Originally written specifically for the 1967 soundtrack of the movie The Graduate but rejected by the producers, Punky's Dilemma sat on the shelf until the following year, when it became the only track on side two of Simon And Garfunkel's Bookends LP that had not been previously released. The lyrics are about as psychedelic as Simon And Garfunkel ever got.

Artist:    Pink Floyd
Title:    Careful With That Axe, Eugene
Source:    CD: Ummagumma
Writer(s):    Waters/Wright/Mason/Gilmour
Label:    EMI/Capitol (original label: Harvest)
Year:    1969
    Pink Floyd's first double LP, Ummagumma, consisted of a live album with four tracks and a studio LP showcasing each individual member of the group. In later years the album would find itself disparaged by band members and critics alike, although one critic did point out that the live version of Careful With That Axe, Eugene, was actually a pretty decent rendition of one the band's most popular early tunes.

Artist:    Mongrels
Title:    Good Good Man
Source:    CD: A Heavy Dose Of Lyte Psych (originally released in Canada as 45 RPM single B side)
Writer(s):    Randy Bachman
Label:    Arf! Arf! (original Canadian label: Franklin)
Year:    1969
    Not much is known about the Mongrels. Reportedly from Winnipeg, Manitoba, both sides of the band's first three singles were either written or co-written by Randy Bachman, the lead guitarist of the Guess Who. Their first single, Death Of A Salesman, came out on the Franklin label (distributed by London Records of Canada) in 1968. Apparently the record did not go anywhere, as they re-recorded the song in Minneapolis the following year under the title Good Good Man and issued it as the B side of their third single for Franklin, which also came out in the US on the Nico label. Bachman himself produced the Mongrels' fifth and final single for the Canadian division of RCA Victor in 1970.

Artist:    Turtles
Title:    John And Julie
Source:    CD: Turtle Soup
Writer(s):    The Turtles
Label:    Repertoire (original label: White Whale)
Year:    1969
    The Turtles were the only truly successful act in the history of White Whale Records. This created a love/hate relationship between the band and its label, with the band always wanting more creative freedom and the label wanting more hit records. This sometimes resulted in great records such as Elenore, but often led to even more problems. Things came to a head after the band's final album, Turtle Soup, produced by the Kinks' Ray Davies, failed to provide any top 40 hits (the highest charting single stalling out at # 51). The album did have some creative high points, however, such as the lavishly produced John And Julie. Nonetheless, rather than record another album for White Whale, the Turtles officially disbanded, with two of the core members, Howard Kaylan and Mark Volman, hooking up with the Mothers Of Invention, recording the classic Live At The Fillmore East album in 1970.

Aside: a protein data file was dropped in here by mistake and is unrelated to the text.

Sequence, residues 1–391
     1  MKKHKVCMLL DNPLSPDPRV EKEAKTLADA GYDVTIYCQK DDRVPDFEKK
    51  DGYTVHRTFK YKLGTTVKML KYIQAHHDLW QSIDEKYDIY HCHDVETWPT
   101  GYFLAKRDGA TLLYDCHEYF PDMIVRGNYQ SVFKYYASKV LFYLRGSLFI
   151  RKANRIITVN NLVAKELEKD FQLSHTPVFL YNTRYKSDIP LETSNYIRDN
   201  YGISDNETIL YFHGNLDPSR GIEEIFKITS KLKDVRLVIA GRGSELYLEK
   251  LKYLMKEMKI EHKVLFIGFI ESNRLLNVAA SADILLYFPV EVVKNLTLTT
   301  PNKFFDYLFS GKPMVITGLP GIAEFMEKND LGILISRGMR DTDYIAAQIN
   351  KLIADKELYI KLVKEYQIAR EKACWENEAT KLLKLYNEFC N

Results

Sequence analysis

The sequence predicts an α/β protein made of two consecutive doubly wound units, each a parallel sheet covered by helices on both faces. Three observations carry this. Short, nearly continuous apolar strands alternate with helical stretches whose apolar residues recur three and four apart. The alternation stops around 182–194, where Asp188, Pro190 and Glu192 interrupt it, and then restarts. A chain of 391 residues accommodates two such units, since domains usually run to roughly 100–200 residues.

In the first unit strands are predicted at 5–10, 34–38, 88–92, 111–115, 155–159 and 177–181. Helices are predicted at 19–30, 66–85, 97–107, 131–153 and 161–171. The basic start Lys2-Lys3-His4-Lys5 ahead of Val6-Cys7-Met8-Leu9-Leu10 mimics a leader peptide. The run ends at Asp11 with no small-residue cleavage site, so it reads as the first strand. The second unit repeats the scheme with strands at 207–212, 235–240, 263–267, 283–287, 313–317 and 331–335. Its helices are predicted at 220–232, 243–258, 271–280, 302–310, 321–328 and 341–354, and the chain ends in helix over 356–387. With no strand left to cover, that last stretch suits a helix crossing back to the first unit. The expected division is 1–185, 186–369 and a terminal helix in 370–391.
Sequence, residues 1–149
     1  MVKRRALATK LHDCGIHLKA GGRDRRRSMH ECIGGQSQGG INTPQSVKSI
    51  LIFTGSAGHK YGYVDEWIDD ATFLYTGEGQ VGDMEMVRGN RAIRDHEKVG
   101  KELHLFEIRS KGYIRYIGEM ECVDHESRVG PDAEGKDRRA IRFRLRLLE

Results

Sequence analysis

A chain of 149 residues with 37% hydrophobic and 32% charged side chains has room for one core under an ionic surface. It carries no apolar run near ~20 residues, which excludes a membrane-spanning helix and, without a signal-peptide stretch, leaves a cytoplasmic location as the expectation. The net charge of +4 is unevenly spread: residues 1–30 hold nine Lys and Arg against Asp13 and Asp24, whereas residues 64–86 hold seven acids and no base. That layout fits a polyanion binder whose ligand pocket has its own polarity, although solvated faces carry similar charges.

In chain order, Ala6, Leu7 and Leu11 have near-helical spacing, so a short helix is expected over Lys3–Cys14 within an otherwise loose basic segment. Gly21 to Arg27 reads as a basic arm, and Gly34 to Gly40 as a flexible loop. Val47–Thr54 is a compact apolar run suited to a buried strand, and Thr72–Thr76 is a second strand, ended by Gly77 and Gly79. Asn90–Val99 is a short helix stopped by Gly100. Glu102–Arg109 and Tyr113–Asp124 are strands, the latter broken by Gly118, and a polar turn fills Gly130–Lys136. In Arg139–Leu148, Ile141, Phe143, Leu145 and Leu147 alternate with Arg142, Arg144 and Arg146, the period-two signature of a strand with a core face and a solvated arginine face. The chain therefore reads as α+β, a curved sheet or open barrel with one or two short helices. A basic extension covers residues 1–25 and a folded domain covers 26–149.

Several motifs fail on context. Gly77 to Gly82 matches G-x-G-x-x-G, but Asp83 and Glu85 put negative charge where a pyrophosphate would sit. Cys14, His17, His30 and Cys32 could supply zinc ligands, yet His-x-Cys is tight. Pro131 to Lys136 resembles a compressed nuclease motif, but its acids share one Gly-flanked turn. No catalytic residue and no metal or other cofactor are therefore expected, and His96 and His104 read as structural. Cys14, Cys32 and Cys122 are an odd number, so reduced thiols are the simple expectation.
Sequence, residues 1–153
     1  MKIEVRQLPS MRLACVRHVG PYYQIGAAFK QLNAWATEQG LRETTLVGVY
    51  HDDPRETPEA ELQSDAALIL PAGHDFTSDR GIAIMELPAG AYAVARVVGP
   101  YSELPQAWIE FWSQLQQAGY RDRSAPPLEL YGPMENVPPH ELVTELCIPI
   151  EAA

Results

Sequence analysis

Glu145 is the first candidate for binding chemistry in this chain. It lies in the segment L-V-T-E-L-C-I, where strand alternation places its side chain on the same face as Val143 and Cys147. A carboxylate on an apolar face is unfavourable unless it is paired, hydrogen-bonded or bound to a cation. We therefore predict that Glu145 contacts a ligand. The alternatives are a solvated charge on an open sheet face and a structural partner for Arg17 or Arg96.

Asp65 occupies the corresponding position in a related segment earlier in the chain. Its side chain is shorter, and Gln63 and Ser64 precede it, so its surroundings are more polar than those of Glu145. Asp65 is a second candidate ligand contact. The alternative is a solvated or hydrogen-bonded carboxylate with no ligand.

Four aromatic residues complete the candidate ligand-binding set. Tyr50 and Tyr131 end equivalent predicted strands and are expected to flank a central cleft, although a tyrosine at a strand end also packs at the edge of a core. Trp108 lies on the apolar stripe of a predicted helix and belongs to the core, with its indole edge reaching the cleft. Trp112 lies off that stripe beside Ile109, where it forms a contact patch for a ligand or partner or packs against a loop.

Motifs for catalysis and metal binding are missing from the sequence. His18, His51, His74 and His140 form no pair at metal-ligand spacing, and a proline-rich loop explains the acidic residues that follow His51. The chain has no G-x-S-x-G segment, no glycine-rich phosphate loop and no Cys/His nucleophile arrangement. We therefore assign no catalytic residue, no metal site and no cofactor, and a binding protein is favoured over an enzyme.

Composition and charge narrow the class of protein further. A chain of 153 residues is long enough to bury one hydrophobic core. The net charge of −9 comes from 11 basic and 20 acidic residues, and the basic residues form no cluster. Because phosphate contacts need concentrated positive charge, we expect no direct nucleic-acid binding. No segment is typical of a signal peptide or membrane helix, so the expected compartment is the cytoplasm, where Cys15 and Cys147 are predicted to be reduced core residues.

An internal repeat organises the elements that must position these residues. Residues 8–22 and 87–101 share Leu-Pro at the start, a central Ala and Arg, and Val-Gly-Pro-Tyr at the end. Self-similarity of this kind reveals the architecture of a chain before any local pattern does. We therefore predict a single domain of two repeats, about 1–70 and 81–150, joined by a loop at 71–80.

Artist:    Big Brother And The Holding Company
Title:    Call On Me
Source:    Board stereo CD: Live At The Carousel Ballroom-1968
Writer(s):    Sam Andrew
Label:    Columbia/Legacy
Year:    Recorded 1968, released 2012
    In early 1968 a consortium of three local San Francisco bands (Jefferson Airplane, Quicksilver Messenger Service and the Grateful Dead) set out to create a venue that would be an alternative to those controlled by professional promoters such as Bill Graham. They rented a disused place called the Carousel Ballroom and set about fixing the place up. The sound system at the Carousel was set up and run by Owsley Stanley, the legendary Grateful Dead sound man also known as Bear. Bear, as a rule, made recordings of every gig he ran sound for, using his own unique two channel system (one channel for the vocals, the other for guitars, bass and keyboards, with the drums being picked up by both sets of microphones). Bear called these recordings "sonic journals", as their primary purpose was similar to that of training films that sports coaches made during games. After a gig Bear and the band members would listen to these tapes and try to figure out what could be done to improve future performances. On March 12, 2012 (the first anniversary of Bear's death in an automobile accident), Columbia/Legacy released Big Brother And The Holding Company Live At The Carousel Ballroom, recorded on Sunday June 23, 1968, just two weeks before the Carousel experiment came to an end. It was the second of two consecutive nights that Big Brother played at the Carousel, their only gigs at the ballroom. In addition to the full set from June 23rd, the disc contains one bonus track from the previous night's performance: an alternate version of Call On Me, a song that first appeared in studio form on the band's 1967 debut LP on Chicago's Mainstream label.